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Call to increase Covid-19 testing rates in Canberra

Canberra residents should get tested for COVID-19, ACT Chief Health Officer Dr Kerryn Coleman recommended today, after viral fragments were found in Belconnen wastewater last week.

The positive detection was found in a sewage sample collected on Wednesday (27 January) from a testing location that covers wastewater from Aranda, Belconnen, Bruce, Charnwood, Cook, Dunlop, Evatt, Florey, Flynn, Fraser, Giralang, Hall, Hawker, Higgins, Holt, Kaleen, Latham, Lawson, Macgregor, Macquarie, McKellar, Melba, Page, Scullin, Spence, Strathnairn, and Weetangera.

“There remains no evidence to date to suggest the positive wastewater detection is an undetected active case or community transmission in the ACT at this point,” Dr Coleman said.

“However, we do continue to urge anyone who lives in, works in, or has recently visited the Belconnen area to get tested for COVID-19, even if you are experiencing only the mildest of symptoms, and to self-isolate until you receive a negative test.”

This was particularly important for people who have recently travelled outside the ACT.

Three hundred people have already been tested; Dr Coleman said this was a “pleasing response”, but not at the level she wanted to see: 700 to 1,100 people a day.

“Can people in the Belconnen areas please, any symptoms at all, turn out to get tested?” Dr Coleman implored.

Common symptoms of COVID-19 include fever, sore throat, cough, shortness of breath, and loss of smell or taste, while less commons symptoms include runny or blocked nose, muscle pain, joint pain, diarrhoea, nausea, vomiting and loss of appetite.

“Testing is crucial in the immediate response to a positive wastewater detection,” Dr Coleman said. “If there is an active case we are unaware of, we need to identify this quickly to enable our public health officers to swing in and mount a response.”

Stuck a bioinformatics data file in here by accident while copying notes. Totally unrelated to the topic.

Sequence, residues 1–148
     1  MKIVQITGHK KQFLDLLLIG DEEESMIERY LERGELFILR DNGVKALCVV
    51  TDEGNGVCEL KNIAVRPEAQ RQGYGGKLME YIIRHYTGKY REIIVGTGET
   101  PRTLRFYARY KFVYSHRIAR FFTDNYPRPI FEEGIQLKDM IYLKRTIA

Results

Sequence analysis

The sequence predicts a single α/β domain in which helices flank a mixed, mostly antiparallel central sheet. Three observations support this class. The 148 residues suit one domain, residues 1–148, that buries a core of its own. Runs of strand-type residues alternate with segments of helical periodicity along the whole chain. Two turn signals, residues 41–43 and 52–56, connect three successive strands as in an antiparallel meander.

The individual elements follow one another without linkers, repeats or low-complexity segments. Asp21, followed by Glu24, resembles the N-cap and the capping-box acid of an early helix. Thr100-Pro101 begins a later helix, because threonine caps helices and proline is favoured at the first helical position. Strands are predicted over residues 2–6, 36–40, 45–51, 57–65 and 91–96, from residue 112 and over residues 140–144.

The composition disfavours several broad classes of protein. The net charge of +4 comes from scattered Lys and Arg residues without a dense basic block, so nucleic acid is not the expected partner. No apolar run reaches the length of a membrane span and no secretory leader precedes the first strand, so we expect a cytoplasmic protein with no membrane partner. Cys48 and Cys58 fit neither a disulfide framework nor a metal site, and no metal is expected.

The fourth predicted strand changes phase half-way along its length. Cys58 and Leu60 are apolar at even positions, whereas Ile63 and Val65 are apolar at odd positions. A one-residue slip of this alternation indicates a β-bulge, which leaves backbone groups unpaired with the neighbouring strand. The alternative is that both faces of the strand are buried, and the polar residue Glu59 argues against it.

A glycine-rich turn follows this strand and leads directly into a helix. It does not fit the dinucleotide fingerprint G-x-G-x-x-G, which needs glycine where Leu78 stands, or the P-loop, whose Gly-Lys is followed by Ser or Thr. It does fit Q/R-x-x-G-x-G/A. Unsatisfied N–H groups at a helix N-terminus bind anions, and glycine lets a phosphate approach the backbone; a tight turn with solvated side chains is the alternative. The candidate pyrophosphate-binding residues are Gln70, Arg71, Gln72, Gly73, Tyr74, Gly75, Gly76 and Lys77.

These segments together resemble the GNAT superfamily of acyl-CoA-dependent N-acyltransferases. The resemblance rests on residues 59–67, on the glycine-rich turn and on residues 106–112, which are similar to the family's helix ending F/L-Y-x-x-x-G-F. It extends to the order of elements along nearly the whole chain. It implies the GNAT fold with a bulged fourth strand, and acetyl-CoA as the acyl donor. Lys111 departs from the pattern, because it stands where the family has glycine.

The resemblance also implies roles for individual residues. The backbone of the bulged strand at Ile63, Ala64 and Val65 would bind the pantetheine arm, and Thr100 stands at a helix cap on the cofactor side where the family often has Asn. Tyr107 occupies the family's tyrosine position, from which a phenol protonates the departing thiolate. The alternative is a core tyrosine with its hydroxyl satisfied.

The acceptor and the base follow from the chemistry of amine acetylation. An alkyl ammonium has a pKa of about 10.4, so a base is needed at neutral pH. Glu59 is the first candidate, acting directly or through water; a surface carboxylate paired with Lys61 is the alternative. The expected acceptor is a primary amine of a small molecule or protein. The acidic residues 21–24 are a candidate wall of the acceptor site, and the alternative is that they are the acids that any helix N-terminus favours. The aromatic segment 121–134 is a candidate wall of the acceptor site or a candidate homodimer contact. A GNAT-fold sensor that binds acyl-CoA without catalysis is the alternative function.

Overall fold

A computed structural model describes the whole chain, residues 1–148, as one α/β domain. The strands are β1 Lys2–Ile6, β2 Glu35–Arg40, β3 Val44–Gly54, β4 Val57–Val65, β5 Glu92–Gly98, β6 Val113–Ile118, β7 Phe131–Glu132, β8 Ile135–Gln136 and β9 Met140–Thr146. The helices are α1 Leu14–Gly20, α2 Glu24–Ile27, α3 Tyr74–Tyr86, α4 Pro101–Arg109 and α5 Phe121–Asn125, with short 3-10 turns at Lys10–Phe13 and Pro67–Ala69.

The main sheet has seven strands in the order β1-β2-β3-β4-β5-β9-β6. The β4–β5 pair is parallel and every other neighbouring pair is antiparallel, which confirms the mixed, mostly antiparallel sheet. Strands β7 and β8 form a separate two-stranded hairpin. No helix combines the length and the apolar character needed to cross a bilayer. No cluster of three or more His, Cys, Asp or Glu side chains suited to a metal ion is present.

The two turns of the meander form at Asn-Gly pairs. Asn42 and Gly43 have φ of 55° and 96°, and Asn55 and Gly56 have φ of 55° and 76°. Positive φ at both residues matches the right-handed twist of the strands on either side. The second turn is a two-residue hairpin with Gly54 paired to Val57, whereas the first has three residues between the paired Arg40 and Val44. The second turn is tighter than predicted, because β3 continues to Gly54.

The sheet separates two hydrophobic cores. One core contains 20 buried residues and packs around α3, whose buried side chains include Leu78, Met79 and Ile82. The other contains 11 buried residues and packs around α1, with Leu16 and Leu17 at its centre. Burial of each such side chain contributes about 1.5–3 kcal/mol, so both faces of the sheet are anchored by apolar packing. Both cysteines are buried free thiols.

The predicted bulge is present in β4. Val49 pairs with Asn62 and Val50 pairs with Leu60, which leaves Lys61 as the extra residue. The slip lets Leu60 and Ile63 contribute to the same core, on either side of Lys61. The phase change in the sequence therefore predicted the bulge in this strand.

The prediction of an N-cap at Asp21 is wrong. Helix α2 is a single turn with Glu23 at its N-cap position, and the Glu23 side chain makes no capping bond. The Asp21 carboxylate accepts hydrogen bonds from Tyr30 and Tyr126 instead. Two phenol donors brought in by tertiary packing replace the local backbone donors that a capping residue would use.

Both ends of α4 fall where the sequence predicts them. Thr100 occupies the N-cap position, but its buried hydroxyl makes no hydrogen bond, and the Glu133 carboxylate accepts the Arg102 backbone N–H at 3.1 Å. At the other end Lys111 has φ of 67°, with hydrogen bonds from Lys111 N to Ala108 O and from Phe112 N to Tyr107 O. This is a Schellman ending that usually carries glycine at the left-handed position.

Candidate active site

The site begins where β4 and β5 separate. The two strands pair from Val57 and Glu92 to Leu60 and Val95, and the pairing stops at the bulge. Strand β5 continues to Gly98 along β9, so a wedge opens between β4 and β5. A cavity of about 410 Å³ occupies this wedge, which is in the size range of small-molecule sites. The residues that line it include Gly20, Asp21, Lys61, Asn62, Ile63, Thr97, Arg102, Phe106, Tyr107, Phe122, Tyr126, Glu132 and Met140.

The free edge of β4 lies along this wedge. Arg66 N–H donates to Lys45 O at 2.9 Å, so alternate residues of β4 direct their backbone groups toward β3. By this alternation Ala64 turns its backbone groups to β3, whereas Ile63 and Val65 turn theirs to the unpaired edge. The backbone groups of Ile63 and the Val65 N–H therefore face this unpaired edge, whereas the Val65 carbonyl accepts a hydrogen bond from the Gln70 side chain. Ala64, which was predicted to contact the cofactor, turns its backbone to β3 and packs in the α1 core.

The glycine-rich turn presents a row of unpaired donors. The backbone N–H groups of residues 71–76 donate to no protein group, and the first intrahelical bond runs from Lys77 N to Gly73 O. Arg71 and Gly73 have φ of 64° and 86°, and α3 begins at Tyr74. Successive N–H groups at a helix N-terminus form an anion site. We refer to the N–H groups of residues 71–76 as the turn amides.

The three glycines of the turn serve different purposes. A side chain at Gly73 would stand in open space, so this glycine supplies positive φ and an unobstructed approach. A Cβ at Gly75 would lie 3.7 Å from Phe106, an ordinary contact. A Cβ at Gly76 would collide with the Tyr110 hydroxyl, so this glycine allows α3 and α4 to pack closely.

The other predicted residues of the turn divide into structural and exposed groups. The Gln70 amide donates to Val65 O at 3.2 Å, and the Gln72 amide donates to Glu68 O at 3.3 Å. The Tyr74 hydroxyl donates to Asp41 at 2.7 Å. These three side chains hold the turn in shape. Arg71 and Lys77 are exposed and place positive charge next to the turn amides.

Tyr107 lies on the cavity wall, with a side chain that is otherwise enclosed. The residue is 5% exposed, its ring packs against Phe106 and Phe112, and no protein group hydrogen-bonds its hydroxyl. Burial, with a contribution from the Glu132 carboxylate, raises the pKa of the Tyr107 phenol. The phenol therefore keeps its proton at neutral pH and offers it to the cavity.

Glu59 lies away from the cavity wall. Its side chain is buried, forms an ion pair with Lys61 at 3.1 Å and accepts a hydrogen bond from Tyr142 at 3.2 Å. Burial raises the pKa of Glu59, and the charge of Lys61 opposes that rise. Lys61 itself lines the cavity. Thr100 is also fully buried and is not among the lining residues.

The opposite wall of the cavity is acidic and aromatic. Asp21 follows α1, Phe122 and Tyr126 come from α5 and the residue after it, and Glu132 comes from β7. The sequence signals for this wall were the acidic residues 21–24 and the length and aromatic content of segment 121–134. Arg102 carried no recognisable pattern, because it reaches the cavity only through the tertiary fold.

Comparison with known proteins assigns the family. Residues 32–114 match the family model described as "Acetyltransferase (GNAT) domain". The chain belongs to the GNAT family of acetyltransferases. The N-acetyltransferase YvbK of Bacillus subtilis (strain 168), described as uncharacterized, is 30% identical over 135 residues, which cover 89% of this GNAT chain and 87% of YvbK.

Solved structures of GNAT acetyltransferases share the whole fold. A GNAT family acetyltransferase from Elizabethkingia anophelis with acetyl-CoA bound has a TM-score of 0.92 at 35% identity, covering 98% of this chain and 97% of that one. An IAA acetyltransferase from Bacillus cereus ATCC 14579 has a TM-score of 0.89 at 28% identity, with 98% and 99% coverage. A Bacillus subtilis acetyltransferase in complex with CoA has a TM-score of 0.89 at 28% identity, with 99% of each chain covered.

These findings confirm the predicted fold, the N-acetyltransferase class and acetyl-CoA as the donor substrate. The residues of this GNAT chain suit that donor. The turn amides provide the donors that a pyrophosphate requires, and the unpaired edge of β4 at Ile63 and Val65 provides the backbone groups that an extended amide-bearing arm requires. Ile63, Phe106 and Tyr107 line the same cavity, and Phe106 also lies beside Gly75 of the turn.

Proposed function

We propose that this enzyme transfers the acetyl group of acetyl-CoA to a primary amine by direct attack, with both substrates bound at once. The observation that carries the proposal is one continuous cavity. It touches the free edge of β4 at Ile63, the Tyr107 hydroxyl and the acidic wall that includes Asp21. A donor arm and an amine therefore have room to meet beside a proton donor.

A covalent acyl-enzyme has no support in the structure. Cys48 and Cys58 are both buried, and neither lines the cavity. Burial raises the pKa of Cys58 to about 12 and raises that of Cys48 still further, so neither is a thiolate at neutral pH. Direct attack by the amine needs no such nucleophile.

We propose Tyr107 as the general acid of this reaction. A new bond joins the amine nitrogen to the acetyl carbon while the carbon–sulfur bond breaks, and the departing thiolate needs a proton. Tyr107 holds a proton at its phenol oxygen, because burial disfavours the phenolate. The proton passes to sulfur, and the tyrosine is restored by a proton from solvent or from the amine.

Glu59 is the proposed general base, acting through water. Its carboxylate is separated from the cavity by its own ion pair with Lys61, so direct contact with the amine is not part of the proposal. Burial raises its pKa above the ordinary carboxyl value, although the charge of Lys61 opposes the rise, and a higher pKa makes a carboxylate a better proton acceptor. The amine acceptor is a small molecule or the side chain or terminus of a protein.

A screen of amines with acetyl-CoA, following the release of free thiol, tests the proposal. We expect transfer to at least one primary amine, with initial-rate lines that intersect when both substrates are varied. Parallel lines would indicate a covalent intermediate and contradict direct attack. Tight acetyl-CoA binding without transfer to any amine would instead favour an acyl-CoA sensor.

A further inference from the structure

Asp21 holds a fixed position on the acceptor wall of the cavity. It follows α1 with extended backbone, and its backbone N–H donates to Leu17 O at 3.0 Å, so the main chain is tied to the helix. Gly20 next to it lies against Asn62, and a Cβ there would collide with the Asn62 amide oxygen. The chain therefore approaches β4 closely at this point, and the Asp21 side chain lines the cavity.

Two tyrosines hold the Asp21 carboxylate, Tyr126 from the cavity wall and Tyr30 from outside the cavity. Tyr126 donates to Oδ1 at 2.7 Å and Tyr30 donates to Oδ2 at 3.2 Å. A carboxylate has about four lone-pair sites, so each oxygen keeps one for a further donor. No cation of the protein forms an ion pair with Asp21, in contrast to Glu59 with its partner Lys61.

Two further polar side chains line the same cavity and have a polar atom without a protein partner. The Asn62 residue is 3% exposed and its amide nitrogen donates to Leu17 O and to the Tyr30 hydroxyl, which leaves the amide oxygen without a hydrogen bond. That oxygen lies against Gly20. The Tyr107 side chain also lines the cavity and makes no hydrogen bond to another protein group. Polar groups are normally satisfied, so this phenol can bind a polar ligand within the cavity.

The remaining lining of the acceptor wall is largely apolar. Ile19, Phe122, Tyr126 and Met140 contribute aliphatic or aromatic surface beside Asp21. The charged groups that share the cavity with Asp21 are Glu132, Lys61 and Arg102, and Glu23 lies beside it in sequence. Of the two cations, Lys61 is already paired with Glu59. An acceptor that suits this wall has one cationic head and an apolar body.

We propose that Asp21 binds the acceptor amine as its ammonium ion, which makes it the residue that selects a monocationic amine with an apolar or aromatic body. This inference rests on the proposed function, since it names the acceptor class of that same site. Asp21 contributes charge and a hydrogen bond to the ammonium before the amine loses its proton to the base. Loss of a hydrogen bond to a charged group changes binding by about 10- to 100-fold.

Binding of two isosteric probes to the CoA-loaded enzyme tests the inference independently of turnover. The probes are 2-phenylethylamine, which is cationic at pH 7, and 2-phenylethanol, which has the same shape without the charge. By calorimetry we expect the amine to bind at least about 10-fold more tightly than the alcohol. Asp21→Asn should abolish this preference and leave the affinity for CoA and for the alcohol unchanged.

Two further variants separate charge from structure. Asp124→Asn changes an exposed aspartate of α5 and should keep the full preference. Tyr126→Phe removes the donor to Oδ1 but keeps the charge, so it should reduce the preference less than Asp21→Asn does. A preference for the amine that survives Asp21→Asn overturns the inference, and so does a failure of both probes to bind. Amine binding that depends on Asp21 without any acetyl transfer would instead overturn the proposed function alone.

Encouraging people to get tested was a challenge around Australia, Dr Coleman said. “I think we’ll go through these peaks and troughs. When there’s a case and when there’s a scare, I think everyone will step out and get tested, and then we’ll become a little bit complacent. But from my experience, the ACT community does step out and does get tested when asked to.”

Coronavirus outbreak in Western Australia

The ACT Government has also closed its borders to Western Australia, after a quarantine hotel security guard in WA tested positive for COVID-19 this weekend. The man is believed to have been first infectious in community from 25 January.

The WA government has declared a five-day lockdown for the Perth metropolitan area, Peel, and south-west regions of the state until the evening of Friday 5 February.

In response, the ACT Government has declared a new public health direction for WA.

Anyone who has been in WA since 25 January must immediately self-quarantine and get tested for COVID-19 – and should remain in quarantine (regardless of a negative test result) until 9pm on Friday 5 February.

People already in the ACT who are affected by these restrictions have 24 hours to apply for an exemption.

People who wish to travel for extraordinary reasons (compassionate reasons, essential work) need an approved exemption from ACT Health. This includes WA parliamentarians.

ACT Health had developed a strong process for managing expected numbers from NSW, so Dr Coleman was confident the agency could manage the smaller number from WA.

An outbreak in the ACT was unlikely, Dr Coleman thought. The ACT has a different hotel quarantine system to WA; only one flight is permitted at a time, while all quarantine workers are saliva-tested each day.

For more information on getting tested, visit covid19.act.gov.au/stay-safe-and-healthy/symptoms-and-getting-tested.

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